Sitting on the plane after landing. Unedited. A cut and paste note to myself.

It’s almost immediate. I’m on the plane to Ohio, and I’m reading Mary Oliver’s Felicity. I want to have all her words and let them spread over me. Or gulp them. Anything. I’m smiling at the poems. Clever, true, open. Unpretentious. Natural and wistful. Whimsical. Nostalgic. Yellow.

I can’t remember which teacher long ago said you always have to read a poem twice, that rule I say to my students as casually as, “the sink is over there.” The person viewing casually over my shoulder is probably wondering what’s taking so long to read a few lines.

I want to take three of her books and spread a blanket on the ground under our oak trees at home. I want to call Layla out to me so we can read poems together. She would love that. Why don’t we do that? Why let the baggage I’ve packed weigh down so heavily that we can’t travel anywhere? Time is running out; she won’t way to lay there with me for another 15 years, and by then she’ll have to schedule me in.

Samira, please remember to take an hour to do this. The house is a vacuum. This imagination is not. Do more of the latter than the former. Making a home is more about the mess, about the grass blades decorating kitchen floor when you come in, not the grass blades you have to wipe up later.

Samira, wake up. Be inside it more. Carve deeper; go past what needs doing and do what you actually want to feel.

I’m in your rip current, Mary. Can you tell?

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Breaking the dam

This post doesn’t capture all of my June, but it is the June in which we lost a really interesting human being. There is half of a warm summer that I’ve experienced with family and friends. I’ve been quiet online. My last Instagram post was mid may. My last post here was around the same time. Days have been full, and I’ve had lots to say involving other more positive inspirations, but writing it all down was only ever on the horizon, somehow out of reach in the 9 pm setting sun.  I had to break the dam with this post.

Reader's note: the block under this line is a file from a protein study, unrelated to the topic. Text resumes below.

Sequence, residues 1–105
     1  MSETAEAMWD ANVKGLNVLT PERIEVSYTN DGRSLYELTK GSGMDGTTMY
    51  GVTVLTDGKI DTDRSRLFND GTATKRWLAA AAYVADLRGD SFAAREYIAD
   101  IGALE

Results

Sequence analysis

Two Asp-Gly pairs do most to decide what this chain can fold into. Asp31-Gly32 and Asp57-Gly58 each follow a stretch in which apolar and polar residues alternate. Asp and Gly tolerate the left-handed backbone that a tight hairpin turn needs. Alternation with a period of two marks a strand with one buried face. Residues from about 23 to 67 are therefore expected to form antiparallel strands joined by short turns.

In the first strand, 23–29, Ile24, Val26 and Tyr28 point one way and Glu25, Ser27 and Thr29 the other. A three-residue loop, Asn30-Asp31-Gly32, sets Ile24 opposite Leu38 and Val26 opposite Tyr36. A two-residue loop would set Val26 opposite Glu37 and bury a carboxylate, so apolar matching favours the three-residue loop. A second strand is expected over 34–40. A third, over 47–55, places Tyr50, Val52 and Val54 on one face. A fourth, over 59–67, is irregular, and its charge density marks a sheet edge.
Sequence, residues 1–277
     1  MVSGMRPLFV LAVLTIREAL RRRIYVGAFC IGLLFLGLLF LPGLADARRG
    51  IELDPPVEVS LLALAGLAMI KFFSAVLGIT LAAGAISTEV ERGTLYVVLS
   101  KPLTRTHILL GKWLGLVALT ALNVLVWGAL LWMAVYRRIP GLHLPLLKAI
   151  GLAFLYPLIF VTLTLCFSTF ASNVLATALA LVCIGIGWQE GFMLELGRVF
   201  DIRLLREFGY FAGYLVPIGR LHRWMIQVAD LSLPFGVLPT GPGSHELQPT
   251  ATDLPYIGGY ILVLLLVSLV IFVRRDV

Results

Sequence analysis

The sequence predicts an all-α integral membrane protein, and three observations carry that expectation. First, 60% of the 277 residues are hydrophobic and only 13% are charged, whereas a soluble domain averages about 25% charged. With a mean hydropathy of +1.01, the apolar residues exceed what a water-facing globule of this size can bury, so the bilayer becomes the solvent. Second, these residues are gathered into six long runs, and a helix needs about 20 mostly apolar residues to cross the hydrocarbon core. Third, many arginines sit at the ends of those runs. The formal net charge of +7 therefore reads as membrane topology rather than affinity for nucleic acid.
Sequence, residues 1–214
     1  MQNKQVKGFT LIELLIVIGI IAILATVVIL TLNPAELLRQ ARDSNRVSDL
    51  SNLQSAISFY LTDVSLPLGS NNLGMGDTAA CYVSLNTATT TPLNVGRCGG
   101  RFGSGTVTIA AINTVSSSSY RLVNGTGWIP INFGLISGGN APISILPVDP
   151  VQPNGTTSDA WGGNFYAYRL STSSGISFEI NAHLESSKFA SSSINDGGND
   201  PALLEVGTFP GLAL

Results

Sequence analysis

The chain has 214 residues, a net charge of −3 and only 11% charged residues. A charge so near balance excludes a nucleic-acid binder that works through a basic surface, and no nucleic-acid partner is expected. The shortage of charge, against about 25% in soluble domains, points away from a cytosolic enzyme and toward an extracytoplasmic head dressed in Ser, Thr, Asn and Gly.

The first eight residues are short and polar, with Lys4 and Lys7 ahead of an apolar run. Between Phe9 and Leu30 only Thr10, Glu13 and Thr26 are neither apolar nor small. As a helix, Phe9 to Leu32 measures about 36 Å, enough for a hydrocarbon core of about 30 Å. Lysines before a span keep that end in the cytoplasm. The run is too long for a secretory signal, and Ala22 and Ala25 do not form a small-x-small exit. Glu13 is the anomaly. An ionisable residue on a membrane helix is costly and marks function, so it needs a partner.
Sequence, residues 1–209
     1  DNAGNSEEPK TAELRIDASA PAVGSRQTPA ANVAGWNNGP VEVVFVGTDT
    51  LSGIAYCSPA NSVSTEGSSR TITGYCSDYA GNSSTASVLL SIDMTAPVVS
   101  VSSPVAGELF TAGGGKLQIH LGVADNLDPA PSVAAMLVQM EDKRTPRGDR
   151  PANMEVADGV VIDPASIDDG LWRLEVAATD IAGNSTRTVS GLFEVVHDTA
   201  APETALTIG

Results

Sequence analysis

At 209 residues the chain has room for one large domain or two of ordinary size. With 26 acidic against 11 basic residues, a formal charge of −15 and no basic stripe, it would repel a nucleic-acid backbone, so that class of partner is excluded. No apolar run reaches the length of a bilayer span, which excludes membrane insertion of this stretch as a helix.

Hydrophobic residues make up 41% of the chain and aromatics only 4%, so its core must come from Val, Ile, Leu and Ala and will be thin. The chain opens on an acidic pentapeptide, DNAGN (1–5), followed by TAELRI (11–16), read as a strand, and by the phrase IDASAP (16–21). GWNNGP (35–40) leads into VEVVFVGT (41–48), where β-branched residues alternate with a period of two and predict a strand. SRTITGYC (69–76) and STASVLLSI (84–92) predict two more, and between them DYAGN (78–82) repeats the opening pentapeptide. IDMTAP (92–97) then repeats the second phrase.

I wanted to title this post Anthony Bourdain.

On the day he died, I squinted up at my phone in the blazing heat and impulsively ordered three of his books. I knew I was overpaying for them since I was not alone in my impulse. Two of the books were already sold out and would take some time getting to me. I didn’t care. I’d never read his books anyway, so how could I complain about that.  Amidst sounds of kids splashing in the outdoor pool, I reacted to news of his suicide by buying his stories.

I google his name daily to see what else is out there. I know that sounds crazy.  If you haven’t  seen Anderson Cooper’s tribute to Bourdain, you should see it; it says what needs saying about Bourdain’s personality. One of my favorite parts is when Bourdain says rather simply that he won’t miss that magic that comes from eating a meal even though he knows he may be sick from what he’s eating. “What’s the worse that can happen? A course of antibiotics? What do you get in return? I think a lot.”

The thing is, I’m just one of many who thought him to be a gifted and fair storyteller. I’m not special in finding his voice or eyes or abandon or appreciation attractive. I hardly knew I liked him as much as I’ve considered lately. Like you, I thought of inviting him over to our home for dinner and how that would be. Until recently I really didn’t know anything of his past except for his allusions to it in a Part’s Unknown trip to Morocco, let’s say, or in some dusty closet when a celebrity’s name comes up. In fact, when some pedestrian culinary conversation would sprout, I’d add excitedly that I love his shows, or I love when he visited Iran, etc… I even spent some of a year saying, “Anthony took me to (insert country) last night” or “I went to (insert city) yesterday for free” after travel-lusting via Netflix each night.

And yet I have carried Kitchen Confidential in my bag every day since it came in the mail a week after his death. Like so many books I stroll with, I didn’t underline a single worthy sentence–not even ones that made me laugh out of context, not even the ones that instantly made me walk into a culture and a time about which I had no idea. The only evidence I have of my engagement is the curled up cover, random Safari pages of names he drops that I’ve googled, and the glance of the mechanic.

If I’ve learned anything from my recent reading, it’s that wrestling with the burden of telling your truth is heavy. Writers use figurative language and their sensibility to artfully present a truth, and the artful part can be a crafty achievement when you are protecting parts of the truth. In  Kitchen Confidential, he calls out names, restaurants, people, and details candidly. I don’t know if I could ever tell a story this way. His abandon is my opposite yet totally enthralling.